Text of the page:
So when it came time for the local awards show, we ended up being nominated in all six categories available. Rather than this being viewed by the provincial committee as a positive, it was instead snubbed as distasteful and overwrought.

This caused us to turn up the level of volume and amplify the arrogance.

On the night of the awards show, every member of our team showed up, hooted and hollered each time our name was mentioned, turning it into a festival of joy instead of the rigorous necessity of compliance to formality that had been envisioned.

Of course, they got even. Of the six categories, we only won a single award. But we didn’t care.

It was a fabulous night of rejoicing, and having some sense of being awarded for the hard work we had put in on the projects.

By no means do I condone our actions or our over-zealous approach.

Yet I will tell you that it is often required for passion to be accelerated to such a level that it shocks apathy into actually feeling something.


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by J. R. Practix

dictionary with letter A

Acolyte: (n.) a person assisting the celebrant in a religious service or procession.

I make no judgments on traditional religious practices which I may or may not consider to be part of my lifestyle.

Yet some of the more humorous events have happened to me while watching young and old try to walk down to the front of the church and light the ceremonial candles.

We call them acolytes. They are usually young people who have been convinced they have been granted an honor by sitting through a couple of classes, hearing an over-explained description of an age-old process, which appears to be VERY simple until Sunday morning arrives and they are put in the position of being the fire-starters.

One of my favorite visions is the young acolyte wearing the ceremonial robe with a pair of dirty tennis shoes sticking out of the bottom. I won’t even go into the symbolism.

I recall being at one church and an acolyte came forward to light the candle, only to discover that his magic fire stick was not making connection with the wick. For some reason the thing would NOT ignite. So in a moment of humanity, he proclaimed for all to hear: Aw, shit.”

Laugher ensued (even though I am sure folks sought absolution later.)

I DO like it when there is a hovering grown-up presence off to the side, nervously watching the youngsters go up to light the candles, like a mother hen concerned that the chicks will not know how to receive the nourishment of the grain being thrown by the farmer, breathlessly anticipating a fiasco–nearly apoplectic.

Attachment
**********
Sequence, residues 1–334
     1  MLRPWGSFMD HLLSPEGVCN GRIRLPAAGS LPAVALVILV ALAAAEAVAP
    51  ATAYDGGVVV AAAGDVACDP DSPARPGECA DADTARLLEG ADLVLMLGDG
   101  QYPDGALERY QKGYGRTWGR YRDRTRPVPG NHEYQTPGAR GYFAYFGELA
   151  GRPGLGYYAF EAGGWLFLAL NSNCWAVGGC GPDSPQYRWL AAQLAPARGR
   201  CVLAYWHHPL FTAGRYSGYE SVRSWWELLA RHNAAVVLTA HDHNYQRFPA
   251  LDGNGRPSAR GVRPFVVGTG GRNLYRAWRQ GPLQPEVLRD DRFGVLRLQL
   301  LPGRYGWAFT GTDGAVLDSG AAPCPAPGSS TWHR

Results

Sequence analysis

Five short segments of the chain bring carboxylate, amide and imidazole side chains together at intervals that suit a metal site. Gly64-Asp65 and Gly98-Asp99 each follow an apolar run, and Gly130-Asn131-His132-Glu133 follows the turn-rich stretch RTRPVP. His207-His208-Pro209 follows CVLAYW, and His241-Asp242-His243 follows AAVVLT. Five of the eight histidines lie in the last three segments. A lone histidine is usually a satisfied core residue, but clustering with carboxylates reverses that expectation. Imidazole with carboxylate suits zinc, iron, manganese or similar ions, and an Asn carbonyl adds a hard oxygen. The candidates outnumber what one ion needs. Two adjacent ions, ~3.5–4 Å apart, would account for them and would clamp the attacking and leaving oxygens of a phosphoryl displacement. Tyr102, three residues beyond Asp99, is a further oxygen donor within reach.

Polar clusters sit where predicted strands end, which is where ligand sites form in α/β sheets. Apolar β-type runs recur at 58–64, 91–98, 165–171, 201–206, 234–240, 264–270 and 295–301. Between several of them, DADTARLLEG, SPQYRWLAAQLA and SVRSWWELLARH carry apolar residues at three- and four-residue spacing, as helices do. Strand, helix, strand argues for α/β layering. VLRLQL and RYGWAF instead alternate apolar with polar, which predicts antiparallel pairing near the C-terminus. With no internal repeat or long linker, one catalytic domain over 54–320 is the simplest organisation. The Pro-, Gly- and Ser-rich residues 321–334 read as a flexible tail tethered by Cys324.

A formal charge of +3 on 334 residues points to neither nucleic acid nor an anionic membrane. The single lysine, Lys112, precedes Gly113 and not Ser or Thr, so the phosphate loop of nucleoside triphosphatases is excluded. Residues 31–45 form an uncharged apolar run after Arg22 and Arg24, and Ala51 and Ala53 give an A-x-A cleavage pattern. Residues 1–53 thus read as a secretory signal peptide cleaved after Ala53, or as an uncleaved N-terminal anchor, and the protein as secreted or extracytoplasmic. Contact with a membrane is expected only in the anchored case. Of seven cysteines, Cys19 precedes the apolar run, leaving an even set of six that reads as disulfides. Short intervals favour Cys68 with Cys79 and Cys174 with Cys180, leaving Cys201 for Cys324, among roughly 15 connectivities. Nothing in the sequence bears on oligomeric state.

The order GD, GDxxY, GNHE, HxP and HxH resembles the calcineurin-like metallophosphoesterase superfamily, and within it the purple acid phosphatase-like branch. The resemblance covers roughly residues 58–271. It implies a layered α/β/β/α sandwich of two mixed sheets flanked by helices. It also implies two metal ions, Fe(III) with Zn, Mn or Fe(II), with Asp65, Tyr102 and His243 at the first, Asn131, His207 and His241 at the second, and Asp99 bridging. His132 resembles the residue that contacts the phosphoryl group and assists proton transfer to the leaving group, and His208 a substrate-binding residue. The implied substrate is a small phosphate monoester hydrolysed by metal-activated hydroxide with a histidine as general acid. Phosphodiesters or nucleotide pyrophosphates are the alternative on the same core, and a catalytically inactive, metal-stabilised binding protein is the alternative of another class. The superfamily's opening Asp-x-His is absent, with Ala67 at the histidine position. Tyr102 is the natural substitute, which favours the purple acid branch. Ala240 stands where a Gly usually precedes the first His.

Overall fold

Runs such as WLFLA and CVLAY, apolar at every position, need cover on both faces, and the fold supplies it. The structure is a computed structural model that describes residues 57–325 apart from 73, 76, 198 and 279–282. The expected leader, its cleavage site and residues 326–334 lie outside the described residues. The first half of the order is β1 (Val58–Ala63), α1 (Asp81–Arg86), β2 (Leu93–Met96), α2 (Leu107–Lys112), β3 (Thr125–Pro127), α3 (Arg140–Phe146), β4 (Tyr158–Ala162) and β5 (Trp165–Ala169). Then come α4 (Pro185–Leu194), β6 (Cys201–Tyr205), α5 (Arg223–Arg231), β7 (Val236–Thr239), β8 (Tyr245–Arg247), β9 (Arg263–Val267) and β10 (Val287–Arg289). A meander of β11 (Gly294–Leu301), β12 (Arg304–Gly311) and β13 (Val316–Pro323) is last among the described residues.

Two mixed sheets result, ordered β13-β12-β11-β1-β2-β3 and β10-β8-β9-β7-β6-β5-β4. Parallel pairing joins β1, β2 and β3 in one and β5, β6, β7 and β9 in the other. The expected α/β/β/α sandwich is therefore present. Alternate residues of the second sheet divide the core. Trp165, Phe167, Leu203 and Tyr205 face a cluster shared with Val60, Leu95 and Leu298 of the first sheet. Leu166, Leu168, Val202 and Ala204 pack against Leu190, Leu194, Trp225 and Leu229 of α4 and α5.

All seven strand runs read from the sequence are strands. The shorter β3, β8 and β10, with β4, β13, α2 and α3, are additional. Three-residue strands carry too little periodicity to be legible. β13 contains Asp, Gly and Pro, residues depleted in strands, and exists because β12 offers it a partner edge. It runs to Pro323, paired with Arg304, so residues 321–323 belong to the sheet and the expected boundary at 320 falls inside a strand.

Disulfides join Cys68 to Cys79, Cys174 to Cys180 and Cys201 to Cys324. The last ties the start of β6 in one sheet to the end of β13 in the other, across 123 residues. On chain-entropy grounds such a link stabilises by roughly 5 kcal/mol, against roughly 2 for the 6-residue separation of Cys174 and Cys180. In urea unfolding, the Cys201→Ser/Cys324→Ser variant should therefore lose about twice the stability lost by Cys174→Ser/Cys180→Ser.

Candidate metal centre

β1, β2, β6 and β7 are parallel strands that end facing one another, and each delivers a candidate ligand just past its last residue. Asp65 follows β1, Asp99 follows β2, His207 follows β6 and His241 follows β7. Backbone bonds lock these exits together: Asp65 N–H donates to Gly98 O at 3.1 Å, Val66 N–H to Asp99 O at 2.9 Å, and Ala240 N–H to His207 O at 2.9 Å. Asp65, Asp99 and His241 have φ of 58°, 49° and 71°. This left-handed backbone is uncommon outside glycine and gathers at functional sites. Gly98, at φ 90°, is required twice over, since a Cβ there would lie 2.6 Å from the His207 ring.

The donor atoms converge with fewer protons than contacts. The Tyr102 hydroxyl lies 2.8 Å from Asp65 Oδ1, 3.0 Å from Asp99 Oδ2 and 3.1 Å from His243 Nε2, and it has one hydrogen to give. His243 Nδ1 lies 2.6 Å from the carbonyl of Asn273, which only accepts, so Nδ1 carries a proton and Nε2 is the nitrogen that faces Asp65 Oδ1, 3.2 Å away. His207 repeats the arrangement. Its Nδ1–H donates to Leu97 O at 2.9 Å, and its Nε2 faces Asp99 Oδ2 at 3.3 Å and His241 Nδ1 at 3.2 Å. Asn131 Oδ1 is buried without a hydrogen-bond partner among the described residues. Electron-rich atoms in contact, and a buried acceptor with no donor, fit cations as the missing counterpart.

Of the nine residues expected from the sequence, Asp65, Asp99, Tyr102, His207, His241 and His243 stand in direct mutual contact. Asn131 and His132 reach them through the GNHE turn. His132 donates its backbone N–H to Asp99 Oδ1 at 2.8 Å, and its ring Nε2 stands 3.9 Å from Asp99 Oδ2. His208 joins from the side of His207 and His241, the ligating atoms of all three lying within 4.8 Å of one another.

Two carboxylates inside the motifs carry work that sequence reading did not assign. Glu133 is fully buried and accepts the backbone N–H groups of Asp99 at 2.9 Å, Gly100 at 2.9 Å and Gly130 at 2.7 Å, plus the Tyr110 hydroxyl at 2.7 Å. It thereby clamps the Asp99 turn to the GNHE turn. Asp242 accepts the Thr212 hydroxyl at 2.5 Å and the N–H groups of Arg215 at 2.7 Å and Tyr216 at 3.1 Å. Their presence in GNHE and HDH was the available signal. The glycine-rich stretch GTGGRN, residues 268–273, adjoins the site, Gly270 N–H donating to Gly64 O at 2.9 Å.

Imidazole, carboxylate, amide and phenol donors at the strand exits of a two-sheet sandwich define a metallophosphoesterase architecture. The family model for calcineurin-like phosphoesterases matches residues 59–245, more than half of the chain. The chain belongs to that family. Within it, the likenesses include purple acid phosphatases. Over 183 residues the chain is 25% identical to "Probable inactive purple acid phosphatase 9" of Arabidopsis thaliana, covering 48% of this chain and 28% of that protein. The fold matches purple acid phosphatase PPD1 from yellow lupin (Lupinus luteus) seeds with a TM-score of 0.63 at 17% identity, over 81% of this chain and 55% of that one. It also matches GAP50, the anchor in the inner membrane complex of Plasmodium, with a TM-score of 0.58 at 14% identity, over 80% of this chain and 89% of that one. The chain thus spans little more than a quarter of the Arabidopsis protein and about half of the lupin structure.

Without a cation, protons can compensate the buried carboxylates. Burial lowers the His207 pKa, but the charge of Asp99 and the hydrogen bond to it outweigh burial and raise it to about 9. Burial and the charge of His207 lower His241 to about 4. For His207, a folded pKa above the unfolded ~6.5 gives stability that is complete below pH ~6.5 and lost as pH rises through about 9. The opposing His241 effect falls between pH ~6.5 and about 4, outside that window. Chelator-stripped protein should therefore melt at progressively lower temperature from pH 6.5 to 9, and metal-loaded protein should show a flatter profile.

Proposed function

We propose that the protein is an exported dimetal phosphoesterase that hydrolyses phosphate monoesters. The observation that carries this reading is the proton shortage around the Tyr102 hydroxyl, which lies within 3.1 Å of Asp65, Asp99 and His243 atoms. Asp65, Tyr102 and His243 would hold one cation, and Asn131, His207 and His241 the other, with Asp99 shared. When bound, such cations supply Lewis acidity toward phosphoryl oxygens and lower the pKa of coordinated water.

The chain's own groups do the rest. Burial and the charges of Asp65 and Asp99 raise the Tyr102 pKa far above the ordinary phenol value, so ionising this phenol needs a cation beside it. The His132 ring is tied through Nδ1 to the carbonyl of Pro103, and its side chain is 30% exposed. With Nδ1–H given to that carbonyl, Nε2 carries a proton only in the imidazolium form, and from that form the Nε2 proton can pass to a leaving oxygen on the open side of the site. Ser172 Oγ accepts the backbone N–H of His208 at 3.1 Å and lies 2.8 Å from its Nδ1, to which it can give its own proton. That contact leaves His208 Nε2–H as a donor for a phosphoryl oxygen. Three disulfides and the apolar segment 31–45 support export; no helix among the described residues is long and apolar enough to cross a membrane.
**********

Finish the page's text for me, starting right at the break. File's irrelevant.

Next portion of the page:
And of course, you can’t forget the acolytes who come forward dragging their feet, completely disconnected, barely able to get through the process before collapsing, exhausted, on the front pew designated for their position.

I know that the lighting of the candles is a symbolic portrayal of “bringing in the light of Christ” to our spiritual gathering. But like most human attempts to honor divine concepts, it is always laced with inadequacy, comedy and apathy.

I am not suggesting we should train and pay acolytes who are more professional in their approach.

But in conclusion, my favorite of all the events was when one of the deacons at a church realized that the trainee acolyte was having difficulty lighting the candle. The deacon ran up to the rescue, tried to light the candle himself using the apparatus, was equally unsuccessful, and so reached into his pocket and pulled out his cigarette lighter, leaned forward to complete the job, had his cigarettes fall out of his pocket, bounce on the altar–and scatter all over the top of the prepared communion.

In the seconds that followed, you could sense the man’s horror. There were probably countless revelations about his character revealed through this single action–and speculation on whether it would be appropriate to remove one of his cigarettes from the holy goblet, nearly rendering him paralyzed.

At length he gathered up his smokes and retreated to his seat to languish in his humiliation.

Being an acolyte is another one of those rites of passage that you have as a young person, which older people tell you is very, very important–but no one ever really mentions … after their eighteenth birthday.